D-Orbit and Stellar Project Sign Hosted Payload Agreement

D-Orbit hosted Stellar Project’s LaserCube payload onboard ION Satellite Carrier’s third orbital transportation mission.

FINO MORNASCO, Italy (D-Orbit PR) — Space logistics company D-Orbit signed a launch service contract with Stellar Project, Italian satellite component developer and manufacturer, for the launch and operations of Stellar Project’s LaserCube payload on D-Orbit’s upcoming ION Satellite Carrier’s mission.

Stellar Project’s LaserCube is a patented miniature low power high performance laser communication terminal specifically designed for small satellites including CubeSats. With its independent pointing capability which allows throughput performance more than 10 times higher than traditional radio devices, it will enable innovative business opportunities in fields like Earth imagery, weather forecasting, global telecommunications, and internet services.

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ESA Funds Research into Lunar Cave Explorer

DAEDALUS robot (Credit: Julius-Maximilians-University)

WURZBURG, Germany (ESA PR) — What might look like a dangling hamster ball is actually a robotic sphere to explore the depths of lunar caves.

Designed by a team coordinated by Germany’s Julius-Maximilians-Universität of Würzburg (JMU), the Descent And Exploration in Deep Autonomy of Lunar Underground Structures, DAEDALUS, robot is being evaluated by ESA’s Concurrent Design Facility, as part of a larger study of lunar cave mission concepts.

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4.5-bil­lion-year-old Ice on Comet ‘Fluffi­er than Cap­puc­ci­no Froth’

Af­ter sev­en hours of freefall, Philae touched the Ag­ilkia land­ing site (top left out­side the im­age) at walk­ing pace as planned. How­ev­er, Phi­lae could not an­chor it­self be­cause the an­chor har­poons pro­vid­ed for this pur­pose did not ac­ti­vate. Due to the low grav­i­ty, Phi­lae bounced off the sur­face, rose to a height of more than one kilo­me­tre, col­lid­ed with a cliff edge while falling, touched the comet’s sur­face a sec­ond time (TD2) and fi­nal­ly came to a halt af­ter two hours (TD3). The lo­ca­tion of TD2 was un­known un­til re­cent­ly and could on­ly now be re­con­struct­ed. Phi­lae was lo­cat­ed in a place with suf­fi­cient sun­light to pro­duce enough en­er­gy to run its ten ex­per­i­ments for ap­prox­i­mate­ly 60 hours. (Credit: ESA/Rosetta/MPS for OSIRIS Team MPS/UPD/LAM/IAA/SSO/INTA/UPM/DASP/IDA)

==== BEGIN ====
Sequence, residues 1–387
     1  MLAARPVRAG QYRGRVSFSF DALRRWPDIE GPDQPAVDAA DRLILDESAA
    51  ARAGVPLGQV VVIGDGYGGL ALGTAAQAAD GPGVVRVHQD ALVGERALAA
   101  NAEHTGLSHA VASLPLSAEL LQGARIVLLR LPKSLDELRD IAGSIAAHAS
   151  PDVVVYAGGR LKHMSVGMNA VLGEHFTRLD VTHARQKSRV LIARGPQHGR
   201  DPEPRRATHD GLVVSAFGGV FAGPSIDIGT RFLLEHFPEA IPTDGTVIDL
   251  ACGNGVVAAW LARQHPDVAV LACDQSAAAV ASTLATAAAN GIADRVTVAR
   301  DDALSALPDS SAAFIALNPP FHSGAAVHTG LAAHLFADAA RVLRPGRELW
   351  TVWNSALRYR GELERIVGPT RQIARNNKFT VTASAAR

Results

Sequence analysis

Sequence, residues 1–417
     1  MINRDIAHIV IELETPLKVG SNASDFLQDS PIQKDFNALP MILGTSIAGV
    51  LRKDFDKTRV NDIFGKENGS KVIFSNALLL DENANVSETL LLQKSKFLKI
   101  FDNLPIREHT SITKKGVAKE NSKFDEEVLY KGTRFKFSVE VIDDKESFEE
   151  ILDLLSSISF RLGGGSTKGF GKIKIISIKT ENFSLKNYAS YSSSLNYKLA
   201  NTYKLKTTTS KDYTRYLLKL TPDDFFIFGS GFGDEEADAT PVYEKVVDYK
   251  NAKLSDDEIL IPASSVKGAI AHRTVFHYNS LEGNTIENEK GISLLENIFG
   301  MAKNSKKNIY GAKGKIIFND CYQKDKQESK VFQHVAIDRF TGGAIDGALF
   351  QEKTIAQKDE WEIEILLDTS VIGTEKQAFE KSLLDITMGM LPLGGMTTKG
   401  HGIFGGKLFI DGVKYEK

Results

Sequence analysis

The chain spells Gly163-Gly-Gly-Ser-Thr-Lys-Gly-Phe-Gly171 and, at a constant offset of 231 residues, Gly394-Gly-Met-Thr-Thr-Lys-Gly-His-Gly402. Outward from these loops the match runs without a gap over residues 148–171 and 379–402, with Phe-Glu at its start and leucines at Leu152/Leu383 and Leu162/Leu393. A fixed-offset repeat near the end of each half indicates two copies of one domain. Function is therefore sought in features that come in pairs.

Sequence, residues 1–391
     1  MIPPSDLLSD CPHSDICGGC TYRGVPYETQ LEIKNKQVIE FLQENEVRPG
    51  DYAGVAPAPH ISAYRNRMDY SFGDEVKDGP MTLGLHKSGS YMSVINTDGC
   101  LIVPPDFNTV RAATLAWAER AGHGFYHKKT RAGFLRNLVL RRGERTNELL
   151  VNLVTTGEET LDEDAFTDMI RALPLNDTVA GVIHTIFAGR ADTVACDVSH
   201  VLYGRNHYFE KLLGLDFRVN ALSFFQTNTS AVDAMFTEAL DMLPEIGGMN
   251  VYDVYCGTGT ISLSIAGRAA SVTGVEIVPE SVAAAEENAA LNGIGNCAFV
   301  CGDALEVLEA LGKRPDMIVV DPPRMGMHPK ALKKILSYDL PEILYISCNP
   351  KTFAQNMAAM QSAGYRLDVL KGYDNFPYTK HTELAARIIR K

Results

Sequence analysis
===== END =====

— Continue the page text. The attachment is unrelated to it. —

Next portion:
• Reconstruction of second surface contact by Rosetta’s Philae lander during unplanned ‘hopping’ in November 2014 before its final ‘touchdown’.
  • The probe, rotating like a windmill, scraped a furrow in a highly porous, dark rocky area made of ice and dust on comet 67P, exposing 4.5-billion-year-old ice.
  • The ice has very weak internal cohesion and a consistency that is fluffier than cappuccino froth.

COLOGNE, Germany (DLR PR) — After years of detective work, scientists working on the European Space Agency (ESA) Rosetta mission have now been able to locate where the Philae lander made its second and penultimate contact with the surface of Comet 67P/Churyumov-Gerasimenko on 12 November 2014, before finally coming to a halt 30 metres away. This landing was monitored from the German Aerospace Center (Deutsches Zentrum für Luft- und Raumfahrt; DLR) Philae Control Center.

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